The Very Strange Prophecies of Christmas

Title: The Very Strange Prophecies of Christmas

[Audio http://ab86qw.bay.livefilestore.com/y1pPnUeYUnriEZLaV1yDLLieLMlRWNO2K8Q3RpOk6ji4yFSdQTVS-ZXAzYROHy12kJ2gFRgER9OOMUF2Gn_EAaWXw/1-4-09theverystrangepropheciesofchristmas.mp3%5D

Text: Matthew 2:13-23

Date: January 4th, 2009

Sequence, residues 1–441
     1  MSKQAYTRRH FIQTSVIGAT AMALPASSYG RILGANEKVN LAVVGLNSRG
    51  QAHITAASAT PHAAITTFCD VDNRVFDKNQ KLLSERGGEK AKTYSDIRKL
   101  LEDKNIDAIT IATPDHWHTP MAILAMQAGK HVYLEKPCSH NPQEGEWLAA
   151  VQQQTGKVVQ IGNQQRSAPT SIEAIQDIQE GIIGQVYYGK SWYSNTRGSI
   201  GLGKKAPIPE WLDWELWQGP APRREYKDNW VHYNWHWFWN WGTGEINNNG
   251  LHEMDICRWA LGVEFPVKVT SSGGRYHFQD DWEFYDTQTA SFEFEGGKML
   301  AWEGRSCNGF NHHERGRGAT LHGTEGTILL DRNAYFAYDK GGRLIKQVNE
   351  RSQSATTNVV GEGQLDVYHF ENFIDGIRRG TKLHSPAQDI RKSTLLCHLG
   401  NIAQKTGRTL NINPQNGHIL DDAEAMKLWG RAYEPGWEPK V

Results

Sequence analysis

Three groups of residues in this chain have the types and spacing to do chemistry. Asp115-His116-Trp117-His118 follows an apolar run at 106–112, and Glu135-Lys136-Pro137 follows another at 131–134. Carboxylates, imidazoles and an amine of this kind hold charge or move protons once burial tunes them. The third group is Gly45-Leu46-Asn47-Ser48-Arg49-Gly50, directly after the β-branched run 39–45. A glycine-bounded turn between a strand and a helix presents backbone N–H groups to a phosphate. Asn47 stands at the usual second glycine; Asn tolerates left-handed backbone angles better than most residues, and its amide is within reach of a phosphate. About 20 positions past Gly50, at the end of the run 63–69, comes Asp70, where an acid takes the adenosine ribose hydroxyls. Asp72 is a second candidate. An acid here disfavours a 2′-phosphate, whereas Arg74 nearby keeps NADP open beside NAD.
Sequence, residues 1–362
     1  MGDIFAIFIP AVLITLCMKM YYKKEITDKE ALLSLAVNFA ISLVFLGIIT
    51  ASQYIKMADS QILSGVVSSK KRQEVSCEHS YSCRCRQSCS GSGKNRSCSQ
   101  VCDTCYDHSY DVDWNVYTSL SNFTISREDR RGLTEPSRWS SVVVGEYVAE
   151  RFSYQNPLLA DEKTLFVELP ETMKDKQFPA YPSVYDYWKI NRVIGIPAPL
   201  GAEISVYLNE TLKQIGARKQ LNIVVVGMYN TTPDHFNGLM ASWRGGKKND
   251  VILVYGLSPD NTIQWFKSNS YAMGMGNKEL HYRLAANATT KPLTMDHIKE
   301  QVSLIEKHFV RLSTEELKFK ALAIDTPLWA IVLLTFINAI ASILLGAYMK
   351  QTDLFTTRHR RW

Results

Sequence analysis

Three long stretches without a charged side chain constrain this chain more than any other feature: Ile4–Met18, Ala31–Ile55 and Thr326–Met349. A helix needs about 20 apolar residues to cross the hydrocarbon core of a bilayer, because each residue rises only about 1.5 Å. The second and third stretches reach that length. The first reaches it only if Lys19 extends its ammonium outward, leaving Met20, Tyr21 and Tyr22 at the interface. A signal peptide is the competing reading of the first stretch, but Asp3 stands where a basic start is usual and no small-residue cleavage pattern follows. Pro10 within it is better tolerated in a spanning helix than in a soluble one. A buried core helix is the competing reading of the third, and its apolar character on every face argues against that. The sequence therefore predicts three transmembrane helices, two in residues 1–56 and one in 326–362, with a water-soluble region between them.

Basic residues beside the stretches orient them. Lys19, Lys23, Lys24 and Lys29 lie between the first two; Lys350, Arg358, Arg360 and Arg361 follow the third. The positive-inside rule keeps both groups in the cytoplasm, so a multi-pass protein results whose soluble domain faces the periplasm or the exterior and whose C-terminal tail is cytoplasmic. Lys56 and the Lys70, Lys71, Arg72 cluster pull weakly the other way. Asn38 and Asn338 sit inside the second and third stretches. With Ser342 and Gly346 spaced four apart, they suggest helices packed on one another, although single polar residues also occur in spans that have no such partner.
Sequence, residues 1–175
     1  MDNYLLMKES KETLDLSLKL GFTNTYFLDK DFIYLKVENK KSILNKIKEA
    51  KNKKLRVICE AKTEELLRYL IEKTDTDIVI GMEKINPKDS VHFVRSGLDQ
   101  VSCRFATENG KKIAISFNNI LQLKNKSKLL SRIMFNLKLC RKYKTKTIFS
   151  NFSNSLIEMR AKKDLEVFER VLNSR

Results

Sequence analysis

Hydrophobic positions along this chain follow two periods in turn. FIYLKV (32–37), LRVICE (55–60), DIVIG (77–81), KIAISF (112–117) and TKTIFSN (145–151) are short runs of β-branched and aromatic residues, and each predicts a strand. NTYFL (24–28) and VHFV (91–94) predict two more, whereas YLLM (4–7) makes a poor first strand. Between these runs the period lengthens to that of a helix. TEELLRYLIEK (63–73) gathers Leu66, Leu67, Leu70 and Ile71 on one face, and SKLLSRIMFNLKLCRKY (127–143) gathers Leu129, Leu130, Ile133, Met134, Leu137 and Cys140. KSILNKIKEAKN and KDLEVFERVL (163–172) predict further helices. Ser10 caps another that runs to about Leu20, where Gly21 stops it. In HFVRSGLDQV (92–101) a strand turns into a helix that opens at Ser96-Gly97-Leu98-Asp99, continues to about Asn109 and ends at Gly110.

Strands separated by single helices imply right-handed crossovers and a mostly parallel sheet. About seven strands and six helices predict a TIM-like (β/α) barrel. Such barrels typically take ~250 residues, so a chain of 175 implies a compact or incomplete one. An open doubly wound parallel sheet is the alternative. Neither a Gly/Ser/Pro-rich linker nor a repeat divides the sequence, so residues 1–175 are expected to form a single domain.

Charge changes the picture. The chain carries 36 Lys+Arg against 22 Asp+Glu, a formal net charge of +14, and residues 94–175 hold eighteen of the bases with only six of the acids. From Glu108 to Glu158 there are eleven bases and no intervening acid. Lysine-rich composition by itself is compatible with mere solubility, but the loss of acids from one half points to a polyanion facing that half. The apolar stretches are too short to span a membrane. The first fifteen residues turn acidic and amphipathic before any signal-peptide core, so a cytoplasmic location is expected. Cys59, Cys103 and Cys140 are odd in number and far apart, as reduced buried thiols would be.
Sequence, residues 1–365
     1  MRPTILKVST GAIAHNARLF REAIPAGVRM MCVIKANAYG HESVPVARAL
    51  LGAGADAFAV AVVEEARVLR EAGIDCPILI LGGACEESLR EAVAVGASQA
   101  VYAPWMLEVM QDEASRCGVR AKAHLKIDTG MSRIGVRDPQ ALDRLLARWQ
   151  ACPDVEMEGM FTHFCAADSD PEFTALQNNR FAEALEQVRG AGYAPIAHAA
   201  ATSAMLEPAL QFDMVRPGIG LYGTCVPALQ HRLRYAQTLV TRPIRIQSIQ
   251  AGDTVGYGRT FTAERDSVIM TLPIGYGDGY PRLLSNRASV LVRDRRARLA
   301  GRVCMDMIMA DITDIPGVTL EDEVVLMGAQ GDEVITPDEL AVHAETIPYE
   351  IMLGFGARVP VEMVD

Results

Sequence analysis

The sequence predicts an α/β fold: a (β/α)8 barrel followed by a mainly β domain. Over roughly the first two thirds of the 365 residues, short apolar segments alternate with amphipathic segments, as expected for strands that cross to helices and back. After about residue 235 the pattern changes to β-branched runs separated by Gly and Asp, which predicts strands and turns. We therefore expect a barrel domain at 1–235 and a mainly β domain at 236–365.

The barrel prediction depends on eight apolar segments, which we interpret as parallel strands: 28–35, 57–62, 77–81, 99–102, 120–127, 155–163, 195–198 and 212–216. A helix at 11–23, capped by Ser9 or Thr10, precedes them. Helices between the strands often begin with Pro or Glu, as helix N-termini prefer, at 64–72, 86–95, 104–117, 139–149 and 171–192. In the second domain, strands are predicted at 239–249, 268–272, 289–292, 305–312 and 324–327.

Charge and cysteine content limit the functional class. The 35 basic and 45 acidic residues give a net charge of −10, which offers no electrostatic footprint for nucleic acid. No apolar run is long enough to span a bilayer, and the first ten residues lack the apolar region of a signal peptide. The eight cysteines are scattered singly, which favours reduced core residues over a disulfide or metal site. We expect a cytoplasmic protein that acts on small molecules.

Today is the very first Sunday in the New Year 2009, and before we leave the Christmas season I’d like to give one more Christmas message on the very strange prophecies of Christmas. Have you ever hear of the really strange prophecies of Christmas? Probably not, but if you examine the Christmas accounts in the New Testament Gospel of Matthew you’ll find three very strange prophecy fulfillments towards the very end of the Nativity passage. Why are these three prophecies and their fulfillment different from all the other prophecies given and fulfilled around the Christmas event? Because these three have peculiarities that cause us to stop and think a little bit, they have a strangeness to them that makes us scratch our heads, and they require a little bit more digging under the surface to fully appreciate them; more so than the other prophecies presented in the Christmas accounts in the New Testament. The first very strange prophecy and fulfillment is Matthew 2:14-15, “So he (Joseph) got up, took the child and his mother during the night and left for Egypt, where he stayed until the death of Herod. And so was fulfilled what the Lord had said through the prophet: ‘Out of Egypt I called my son.’” The second very strange prophecy and fulfillment is Matthew 2:16-18, “When Herod realized that he had been outwitted by the Magi, he was furious, and he gave order to kill all the boys in Bethlehem and its vicinity who were two years old and under, in accordance with the time he had learned from the Magi. Then what was said through the prophet Jeremiah was fulfilled: ‘A voice is heard in Ramah, weeping and great mourning, Rachel weeping for her children and refusing to be comforted, because they are no more.’” And finally, the third really strange prophecy and fulfillment is Matthew 2:23, “And he went and lived in a town called Nazareth. So was fulfilled what was said through the prophets: ‘He will be called a Nazarene.’” Now we’ve all read these prophecies and fulfillments so many times in our reading of the New Testament Christmas accounts that we don’t think anything of them, but if we scratch below the surface or dig deeper into them we find that they are very odd prophecies and very odd fulfillments indeed. So I’d like to take this first Sunday of the New Year 2009 as the last and final message of the Christmas season and explore the very odd and strange prophecies at the end of the Matthew Christmas account. It’s very interesting and I hope it teaches us more about the way God works as we examine these three prophecies. Some of you still don’t see how these three prophecies differ from any other prophecies in the New Testament, but I’ll explain all that in a moment. It just goes to show how God works in mysterious ways, and how we need to be ready for God to work in mysterious ways in our lives. Whenever we get to the point that we think we’ve got God all figured out, he’ll throw us something strange and mysterious just to show us that he’s in charge of things, not us. Are you ready for God to work in your life in mysterious ways? It’s a New Year; we need to be ready for anything! Let’s examine the prophecies.